Welcome to cofrancesco.net, a web site for and about Cofrancescos and their close relatives. Much of the material appears in both Italian and English. You can select either language by clicking on the flags that appear above. Additional material will be translated into both languages as time permits.
You can access the various parts of the site by using the three menus: the Top Menu above and the Main Menu and Keep in Touch Menu to the left. Site Contents in the Top Menu provides an overview of what is contained in the three menus. For direct access to material newly added to the site see the headings in the main body of this page.
Visiting Massa (2014) At Massa di Faicchio (2014) by Arlene Cofrancesco Willis
On July 1, my family and I visited the
Cofrancesco and Di Leone Family in Massa for the 4th time in 6 years. I
wanted my young grandchildren, Lachlan and Molly to see the land where
their great great grand parents lived. My brother Richard was supposed
to join us but unfortunately had an emergency dental issue and sadly
could not fly. As usual Pacifico Cofrancesco, his lovely wife Anna and
her sister Ada treated us to a magnificent lunch (feast) in their
Arlene and her family at Massa (2014) - Slideshow
Arlene at Massa (2014)
After lunch, once again we visited St. Nicholas Church where my
grandfather, Clemente, was baptized and where my great grandfather is
buried. We took photos of the home where my grandparents were born
with four generations of Cofrancesco's and walked through the small
village. I always feel so at home when I visit Massa with the
beautiful mountains and freshness in the air.
Pacifico and his family
and extended family, Antonietta and Michele, always make us feel so
special and at home. I feel sad that my father, Louis Cofrancesco
never had the opportunity to visit Massa and experience what I and my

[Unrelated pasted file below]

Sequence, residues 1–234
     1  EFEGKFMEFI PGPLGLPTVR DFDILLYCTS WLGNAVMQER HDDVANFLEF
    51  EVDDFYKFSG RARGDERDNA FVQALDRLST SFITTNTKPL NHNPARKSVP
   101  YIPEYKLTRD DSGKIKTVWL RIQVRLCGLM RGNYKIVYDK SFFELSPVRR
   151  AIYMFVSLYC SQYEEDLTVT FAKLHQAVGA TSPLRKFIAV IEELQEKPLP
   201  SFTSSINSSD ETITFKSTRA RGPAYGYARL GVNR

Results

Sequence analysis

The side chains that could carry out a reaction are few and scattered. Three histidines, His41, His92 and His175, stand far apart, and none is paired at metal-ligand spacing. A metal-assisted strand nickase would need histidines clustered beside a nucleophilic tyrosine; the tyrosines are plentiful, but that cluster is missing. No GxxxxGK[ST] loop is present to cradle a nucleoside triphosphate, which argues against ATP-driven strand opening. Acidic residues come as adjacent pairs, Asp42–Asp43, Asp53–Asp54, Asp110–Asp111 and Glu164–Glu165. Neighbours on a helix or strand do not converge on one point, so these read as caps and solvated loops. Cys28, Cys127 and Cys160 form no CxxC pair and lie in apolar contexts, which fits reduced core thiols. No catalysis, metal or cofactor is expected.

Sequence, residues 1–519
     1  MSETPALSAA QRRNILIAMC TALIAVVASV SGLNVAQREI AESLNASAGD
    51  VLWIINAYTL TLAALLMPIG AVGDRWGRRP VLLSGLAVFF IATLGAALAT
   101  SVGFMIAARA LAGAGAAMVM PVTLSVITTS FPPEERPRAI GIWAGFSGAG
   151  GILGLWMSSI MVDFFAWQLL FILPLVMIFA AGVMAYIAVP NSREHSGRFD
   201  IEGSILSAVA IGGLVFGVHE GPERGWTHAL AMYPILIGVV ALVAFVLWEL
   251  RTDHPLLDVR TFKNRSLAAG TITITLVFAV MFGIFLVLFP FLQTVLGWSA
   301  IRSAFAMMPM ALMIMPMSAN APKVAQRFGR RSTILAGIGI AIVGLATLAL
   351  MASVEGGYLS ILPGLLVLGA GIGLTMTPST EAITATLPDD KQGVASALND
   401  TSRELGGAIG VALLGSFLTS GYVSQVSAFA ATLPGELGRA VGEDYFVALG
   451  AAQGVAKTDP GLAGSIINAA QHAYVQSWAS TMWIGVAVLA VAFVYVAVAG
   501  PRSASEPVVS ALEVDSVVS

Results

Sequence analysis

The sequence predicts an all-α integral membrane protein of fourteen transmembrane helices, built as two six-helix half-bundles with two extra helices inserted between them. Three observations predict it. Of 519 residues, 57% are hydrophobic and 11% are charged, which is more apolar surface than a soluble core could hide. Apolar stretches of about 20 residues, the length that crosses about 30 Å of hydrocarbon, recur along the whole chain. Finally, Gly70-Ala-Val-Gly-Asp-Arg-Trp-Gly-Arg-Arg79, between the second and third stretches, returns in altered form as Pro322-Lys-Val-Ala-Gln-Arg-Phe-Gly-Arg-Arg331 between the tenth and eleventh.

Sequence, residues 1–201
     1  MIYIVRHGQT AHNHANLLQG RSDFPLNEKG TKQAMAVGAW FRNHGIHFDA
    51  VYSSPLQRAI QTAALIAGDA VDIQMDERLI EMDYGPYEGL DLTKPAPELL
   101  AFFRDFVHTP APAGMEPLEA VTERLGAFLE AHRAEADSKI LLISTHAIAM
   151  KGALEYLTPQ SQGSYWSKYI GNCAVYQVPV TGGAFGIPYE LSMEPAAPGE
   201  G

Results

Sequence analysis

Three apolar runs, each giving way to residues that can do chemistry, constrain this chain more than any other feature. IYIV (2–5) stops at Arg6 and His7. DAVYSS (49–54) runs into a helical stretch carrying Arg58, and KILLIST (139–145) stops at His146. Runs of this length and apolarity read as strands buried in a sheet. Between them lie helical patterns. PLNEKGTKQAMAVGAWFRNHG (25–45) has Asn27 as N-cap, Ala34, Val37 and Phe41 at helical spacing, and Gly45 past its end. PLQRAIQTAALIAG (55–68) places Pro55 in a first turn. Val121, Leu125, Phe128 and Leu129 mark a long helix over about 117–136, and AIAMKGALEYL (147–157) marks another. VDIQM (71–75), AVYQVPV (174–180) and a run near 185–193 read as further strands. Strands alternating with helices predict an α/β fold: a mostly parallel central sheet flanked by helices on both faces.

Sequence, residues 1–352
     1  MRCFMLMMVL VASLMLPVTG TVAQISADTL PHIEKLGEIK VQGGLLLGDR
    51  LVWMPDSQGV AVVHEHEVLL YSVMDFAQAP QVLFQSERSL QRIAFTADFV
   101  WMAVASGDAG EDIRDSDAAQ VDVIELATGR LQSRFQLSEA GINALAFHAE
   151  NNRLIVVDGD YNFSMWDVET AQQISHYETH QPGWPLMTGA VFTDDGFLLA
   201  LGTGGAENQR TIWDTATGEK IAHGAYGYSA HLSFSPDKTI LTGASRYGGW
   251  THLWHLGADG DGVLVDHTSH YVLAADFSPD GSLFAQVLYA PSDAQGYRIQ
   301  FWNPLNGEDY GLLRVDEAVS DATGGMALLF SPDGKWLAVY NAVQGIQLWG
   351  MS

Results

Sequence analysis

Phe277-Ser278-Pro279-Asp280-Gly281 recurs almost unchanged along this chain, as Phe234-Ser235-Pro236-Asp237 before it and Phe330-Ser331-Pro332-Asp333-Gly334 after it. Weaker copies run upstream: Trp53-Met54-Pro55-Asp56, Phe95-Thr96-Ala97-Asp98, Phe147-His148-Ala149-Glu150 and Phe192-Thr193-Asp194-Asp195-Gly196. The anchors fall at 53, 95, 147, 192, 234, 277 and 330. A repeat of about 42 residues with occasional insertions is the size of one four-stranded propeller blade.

children have. All Cofrancesco's are fortunate that Pacifico, has
researched our family back to the 1600's. The research he has done, and
the time Involved in doing so, is amazing. We should all salute his
efforts and accomplishments.
I am looking forward to our next visit
with great anticipation.
Photo of the day Poppies in January at Cerreto Sannita
Cerreto Sannita (Italy). January 12, 2014 Matteo Cofrancesco in the ruins of the old Cerreto,
destroyed by the heartquake of 1688.
This Winter is so warm that we found some poppies in flower!
I recently had the opportunity to visit the location of my roots in
Italy, Massa di Faicchio (40 miles from Naples), and to finally meet my
cousin Pacifico. We only had one day together, but it was a very full
day – I think I did not fully appreciate it until I got back home and
had a chance to reflect.
On August 7, 2010, while reviewing old
documents at the State Archives of Benevento (Italy) my wife Anna Di
Leone came across the will of Ferdinando Cofrancesco(1762-1827),
which was written on June 2, 1827, just 8 days before Ferdinando died.
The document, which Ferdinando dictated to a Notary because he could
neither read or write, is highly sophisticated and reveals much about
the man’s character.
Ferdinando's house in Massa today Photo by Pacifico Cofrancesco
This is a brief account of the life of Pietro Cofrancesco who
immigrated at the age of 15 with little more than the clothes on his
back. He worked hard, married, and raised two children, both of who
went on to college and became successful in their chosen profession.
Somewhere ‘twixt Naples & Foggia, or should I say between the
rainbow’s end and beyond, lies the little village of Massa—or should I
This little village in Italy, not far from Benevento, is home to around
600 people; about 500 of them are Cofrancescos or related to them, my
mother’s family. Two of her Uncles, Biagio & Giuseppe remained in
Massa to head two prominent families living there today.
We found the first Cofrancescos living in Massa in the Cadastre of 1754.
But when and why did they move there, giving rise to one of the two
main branches of the family? In this paper we answer this important
question for our family.
A song... for Massa
A song for Massa
A song for Massa by Roberto Albanese. Lyrics by his late father "Ciccio" Albanese, who was born in Massa di Faicchio, where he lived all his lifelong.
Meeting the Cofrancescos of Gioia Sannitica... for the first time
Apr 11, 2010. Gioia Sannitica (Caserta, Italy) From left to right: Pacifico Cofrancesco, Carmine Cofrancesco,